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One of the tools health systems and hospitals are turning to improve outcomes and reduce costs is remote patient monitoring (RPM) technology. This type of patient care extends the reach of physicians, enables a constant relationship between patients and caregivers, and offers providers a continuous stream of real-time health data.
And now, RPM devices are becoming smarter and more affordable. What’s more, considering the COVID-19 impact, solutions that allow remote monitoring grow in value and demand. So let’s explore this technology step by step, starting from the definition of RPM to highlighted types of existing devices, as well as current market statistics and the results of COVID-19 impact.
What Is Remote Patient Monitoring (RPM)?
Remote patient monitoring (RPM) is a healthcare delivery method that uses technology to monitor patient health outside of a traditional clinical setting. RPM refers to the specific technology used to electronically transmit information between patients and physicians, which serves as a powerful tool for patient monitoring at home.
How Does Remote Patient Monitoring Work?
Unlike other telehealth delivery methods, RPM does not require interactive audio-video and virtual visits. It simply requires technology that collects and interprets physiologic data and is actually very easy to use.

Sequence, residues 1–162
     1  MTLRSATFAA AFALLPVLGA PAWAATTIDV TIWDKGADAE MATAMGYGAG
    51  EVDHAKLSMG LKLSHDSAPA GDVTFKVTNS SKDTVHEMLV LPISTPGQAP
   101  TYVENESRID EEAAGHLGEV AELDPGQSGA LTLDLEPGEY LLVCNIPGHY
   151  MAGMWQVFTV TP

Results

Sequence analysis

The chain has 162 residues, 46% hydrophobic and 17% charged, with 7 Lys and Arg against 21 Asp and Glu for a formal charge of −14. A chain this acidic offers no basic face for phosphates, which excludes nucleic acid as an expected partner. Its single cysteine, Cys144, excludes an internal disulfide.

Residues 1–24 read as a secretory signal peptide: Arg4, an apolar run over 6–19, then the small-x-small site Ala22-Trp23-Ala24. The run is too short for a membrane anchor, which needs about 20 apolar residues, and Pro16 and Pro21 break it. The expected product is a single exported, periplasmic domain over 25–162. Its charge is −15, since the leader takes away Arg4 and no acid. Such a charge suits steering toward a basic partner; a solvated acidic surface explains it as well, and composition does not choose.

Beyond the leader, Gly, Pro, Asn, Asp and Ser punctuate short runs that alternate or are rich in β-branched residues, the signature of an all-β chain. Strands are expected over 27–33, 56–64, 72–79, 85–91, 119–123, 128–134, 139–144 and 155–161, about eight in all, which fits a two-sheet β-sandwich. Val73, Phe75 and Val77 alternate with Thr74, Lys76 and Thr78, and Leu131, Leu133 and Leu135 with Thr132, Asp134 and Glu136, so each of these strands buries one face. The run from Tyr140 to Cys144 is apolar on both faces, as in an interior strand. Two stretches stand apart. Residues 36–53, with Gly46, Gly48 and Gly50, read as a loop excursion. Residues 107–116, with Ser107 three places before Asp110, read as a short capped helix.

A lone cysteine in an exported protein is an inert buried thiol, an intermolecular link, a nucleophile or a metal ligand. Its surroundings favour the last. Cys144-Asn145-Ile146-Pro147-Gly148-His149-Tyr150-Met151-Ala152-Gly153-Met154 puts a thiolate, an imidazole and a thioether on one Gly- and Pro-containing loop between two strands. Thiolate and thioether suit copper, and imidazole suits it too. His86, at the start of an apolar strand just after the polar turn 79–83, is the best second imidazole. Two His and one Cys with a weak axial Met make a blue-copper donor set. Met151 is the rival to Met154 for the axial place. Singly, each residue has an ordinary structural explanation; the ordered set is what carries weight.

Types of RPM Devices
Whether these are wearable heart monitors, Bluetooth-enabled scales, glucose monitors, skin patches, shoes, or belts, RPM non-invasive devices can acquire, transmit, process, and store patient data. Below you can read about some of the most valuable innovations:
Blood pressure monitor
Some blood pressure monitors take multiple readings to report daily averages. Home monitoring can assist in the early diagnosis of conditions like diabetes or kidney dysfunction which contribute to high blood pressure. It can also make healthcare delivery less stressful.
Continuous glucose monitor
Managing diabetes effectively requires continuous blood sugar monitoring, and here is where glucose monitoring devices can come into play, allowing you to:
- Monitor medication effects
- Track how diet and exercise affect blood sugar levels
- Demonstrate how stress or illness affect blood sugar levels
Medical alert systems
According to CDC, every year, 1 out of 4 older adults in the U.S. experiences a painful fall. Approximately 20% of those result in broken bones, head traumas, or other disruptive injuries that double the chance of another fall in the future.